For your character of Polly, did you also draw upon your own experiences as a mom to develop her personality?
Totally. It’s one of the parts I’ve played I can relate to the most. When you have a kid it kind of changes the lens through which you see the world. You just want to be the best mom to your kid. That’s really the driving force for Polly. She’s just trying to figure out, “How do I do this, and how do I be this great mom for my kid?” She’s also trying to figure out how to have a life in terms of going back to the dating world and finding a job. So yeah, it’s definitely cool to get to play a mom.
You mentioned working with Brad Garrett and Elizabeth Perkins. People will also remember you from your “Roseanne” days working with Roseanne Barr and John Goodman. Which set of parents would you say are kookier? Elaine and Max or Roseanne and Dan?
[Laughs] That’s a great question! They are very different. One interesting similarity between the “Roseanne” show and “How to Live …” what was neat about the “Roseanne” show working on it at the time is that it really pushed the envelope and sort of tackled some interesting subjects and that was sort of Roseanne herself saying “I want to tackle this. I want to have the first lesbian kiss on television. I want to have this. I want to deal with x, y, z.” It was neat to see where the show went when we were filming “How to Live …” and the different topics they would tackle.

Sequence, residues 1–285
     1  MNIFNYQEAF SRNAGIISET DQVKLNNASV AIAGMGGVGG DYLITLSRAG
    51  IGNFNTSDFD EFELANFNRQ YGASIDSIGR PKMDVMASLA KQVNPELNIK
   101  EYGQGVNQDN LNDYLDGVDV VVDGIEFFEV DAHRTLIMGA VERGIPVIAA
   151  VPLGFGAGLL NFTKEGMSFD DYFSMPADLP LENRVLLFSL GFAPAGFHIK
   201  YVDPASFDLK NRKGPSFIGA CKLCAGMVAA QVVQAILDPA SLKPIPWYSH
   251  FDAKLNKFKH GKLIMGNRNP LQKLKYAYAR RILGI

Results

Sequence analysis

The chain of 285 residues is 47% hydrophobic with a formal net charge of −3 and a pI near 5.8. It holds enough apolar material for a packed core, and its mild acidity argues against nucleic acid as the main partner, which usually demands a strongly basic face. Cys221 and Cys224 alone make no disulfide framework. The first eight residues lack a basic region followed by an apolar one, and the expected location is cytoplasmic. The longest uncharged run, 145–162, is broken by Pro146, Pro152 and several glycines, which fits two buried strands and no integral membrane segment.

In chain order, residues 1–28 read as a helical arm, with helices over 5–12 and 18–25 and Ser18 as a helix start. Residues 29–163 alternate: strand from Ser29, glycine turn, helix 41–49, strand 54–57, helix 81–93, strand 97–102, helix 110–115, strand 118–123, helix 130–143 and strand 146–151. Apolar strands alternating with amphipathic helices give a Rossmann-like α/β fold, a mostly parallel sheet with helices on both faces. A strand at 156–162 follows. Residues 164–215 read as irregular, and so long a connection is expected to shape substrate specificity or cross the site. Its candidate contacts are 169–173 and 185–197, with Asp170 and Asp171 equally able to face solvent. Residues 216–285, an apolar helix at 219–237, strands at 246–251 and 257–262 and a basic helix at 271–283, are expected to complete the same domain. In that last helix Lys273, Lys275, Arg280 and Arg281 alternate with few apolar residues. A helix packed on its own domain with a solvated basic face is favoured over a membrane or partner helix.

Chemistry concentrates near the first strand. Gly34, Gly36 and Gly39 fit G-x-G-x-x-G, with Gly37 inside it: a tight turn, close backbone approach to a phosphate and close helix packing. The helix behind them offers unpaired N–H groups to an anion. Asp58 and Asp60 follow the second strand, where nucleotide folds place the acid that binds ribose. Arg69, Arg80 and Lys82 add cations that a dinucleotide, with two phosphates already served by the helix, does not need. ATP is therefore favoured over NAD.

We did this one episode on what it’s like to try and raise a kid together when you’re divorced. [My daughter] Natalie starts saying, “How do we do this? Why can’t we do things all together?”
We also did this episode where I try and set up my ex-husband on a date because my daughter says, “Well you’re dating, and I want daddy to be happy too.” So I try to set him up and it kind of ends up backfiring. It was fun to sort of see the different directions that they took, and I felt a couple times it reminded me of working on the “Roseanne” show in terms of the show pushes the envelope.
Any funny behind-the-scenes stories you can share with the fans from filming?
There were definitely times working with that many stand-up comedians in one room where we just can’t get through takes. I’ve never laughed harder. When I start laughing and it was late in the day, and you’ve worked a lot of hours, you’ve had too much coffee, there were times where I had to say “Brad can you not say that one line? Because I can’t get through the take.”